Dark matter announcement sinks like a stone
Apr 16, 2008 02:12 PM
I passed along a rumor
this week from the American Physical Society meeting in St. Louis that researchers at the Gran Sasso National Laboratories of the National Institute of Nuclear Physics (INFN) in Italy were set to reinforce their highly disputed claim to have discovered a dark matter particle. They were supposed to uncork their new data, from an experiment called DAMA/LIBRA, today at a conference.
The only mention of it that I could find this morning, however, was in the comments section
of the blog of Italian physicist Tommaso Dorigo, who apparently heard the talk and didn't even think it important enough to mention in his original post. He wrote:
"I did listen to the talk about the DAMA-LIBRA experiment.â€¨ And indeed, they claim to have a 8.2-sigma signal of a yearly oscillation in the signal yield."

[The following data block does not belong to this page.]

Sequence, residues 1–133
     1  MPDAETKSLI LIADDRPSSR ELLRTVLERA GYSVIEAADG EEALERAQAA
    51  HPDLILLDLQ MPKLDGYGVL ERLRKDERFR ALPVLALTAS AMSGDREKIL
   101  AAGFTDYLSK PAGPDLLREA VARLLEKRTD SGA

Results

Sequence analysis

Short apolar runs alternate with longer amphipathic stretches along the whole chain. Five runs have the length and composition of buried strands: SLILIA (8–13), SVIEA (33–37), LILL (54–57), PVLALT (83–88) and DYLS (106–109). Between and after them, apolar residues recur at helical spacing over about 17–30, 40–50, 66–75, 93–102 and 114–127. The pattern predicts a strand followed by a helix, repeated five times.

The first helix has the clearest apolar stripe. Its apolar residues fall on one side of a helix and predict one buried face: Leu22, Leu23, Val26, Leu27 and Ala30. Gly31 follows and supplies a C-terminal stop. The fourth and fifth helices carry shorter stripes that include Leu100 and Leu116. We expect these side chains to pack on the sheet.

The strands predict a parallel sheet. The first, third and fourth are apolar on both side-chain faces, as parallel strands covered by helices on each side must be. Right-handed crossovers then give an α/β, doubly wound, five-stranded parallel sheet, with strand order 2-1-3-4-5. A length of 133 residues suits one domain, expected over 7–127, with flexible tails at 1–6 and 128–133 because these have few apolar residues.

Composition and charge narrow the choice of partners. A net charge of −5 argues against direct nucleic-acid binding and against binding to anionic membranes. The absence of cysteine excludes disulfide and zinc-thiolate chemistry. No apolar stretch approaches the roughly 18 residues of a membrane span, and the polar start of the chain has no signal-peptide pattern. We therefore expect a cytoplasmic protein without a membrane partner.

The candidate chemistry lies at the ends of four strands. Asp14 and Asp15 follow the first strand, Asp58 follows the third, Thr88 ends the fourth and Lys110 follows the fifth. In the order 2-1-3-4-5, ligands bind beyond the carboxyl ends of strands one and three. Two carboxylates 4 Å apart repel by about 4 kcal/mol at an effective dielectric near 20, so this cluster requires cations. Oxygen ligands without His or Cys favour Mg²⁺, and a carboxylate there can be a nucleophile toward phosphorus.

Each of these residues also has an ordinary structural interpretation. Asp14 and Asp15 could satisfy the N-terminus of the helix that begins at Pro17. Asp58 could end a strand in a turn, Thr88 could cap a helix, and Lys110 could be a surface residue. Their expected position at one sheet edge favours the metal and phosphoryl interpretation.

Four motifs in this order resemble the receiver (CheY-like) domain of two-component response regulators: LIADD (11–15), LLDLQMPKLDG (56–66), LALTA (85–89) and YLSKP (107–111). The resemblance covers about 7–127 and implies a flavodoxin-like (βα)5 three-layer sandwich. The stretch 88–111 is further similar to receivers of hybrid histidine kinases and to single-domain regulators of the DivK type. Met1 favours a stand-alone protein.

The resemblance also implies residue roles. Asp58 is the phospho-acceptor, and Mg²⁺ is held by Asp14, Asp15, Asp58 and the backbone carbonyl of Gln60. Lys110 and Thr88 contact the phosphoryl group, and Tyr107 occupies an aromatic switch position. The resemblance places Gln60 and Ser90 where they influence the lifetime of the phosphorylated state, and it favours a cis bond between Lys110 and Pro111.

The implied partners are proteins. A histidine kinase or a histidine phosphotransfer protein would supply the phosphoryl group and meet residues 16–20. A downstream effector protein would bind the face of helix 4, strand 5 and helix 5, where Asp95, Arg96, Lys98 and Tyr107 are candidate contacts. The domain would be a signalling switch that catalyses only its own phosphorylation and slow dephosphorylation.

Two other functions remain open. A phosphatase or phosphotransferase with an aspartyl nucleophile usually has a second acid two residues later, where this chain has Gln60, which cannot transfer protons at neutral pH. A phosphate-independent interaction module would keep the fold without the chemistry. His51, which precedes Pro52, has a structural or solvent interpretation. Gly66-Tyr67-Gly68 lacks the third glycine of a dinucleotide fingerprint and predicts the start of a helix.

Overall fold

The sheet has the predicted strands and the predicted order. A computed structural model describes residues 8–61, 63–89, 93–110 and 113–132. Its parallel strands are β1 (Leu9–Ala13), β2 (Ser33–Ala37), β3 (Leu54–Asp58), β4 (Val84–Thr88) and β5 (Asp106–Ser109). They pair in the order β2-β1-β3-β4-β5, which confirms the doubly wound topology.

Sigma refers to standard deviations
; 8.2-sigma means the odds are billions and billions to one against the signal being a random cluster in the data.
Dorigo writes that he tuned out during the talk because it was hard to understand the speaker, who apparently talked over anyone who tried to ask questions.
The analysis, he continued, "shows a clear component with yearly frequency. I believe the result is on solid ground. I am more skeptical about the interpretation: yes, DM [dark matter] fits in. But I would not be too surprised if DAMA ended up having discovered a yearly variation in their photomultiplier response.
In other words, their equipment is probably doing something that they aren't factoring in.
Hmm. Unless something dramatic happens or I get the sense that readers are clamoring for more information, I think I'll let this one drop.
You can view the slides from the talk here
, if it floats your boat.
Edited by JR Minkel at 04/16/2008 2:54 PM
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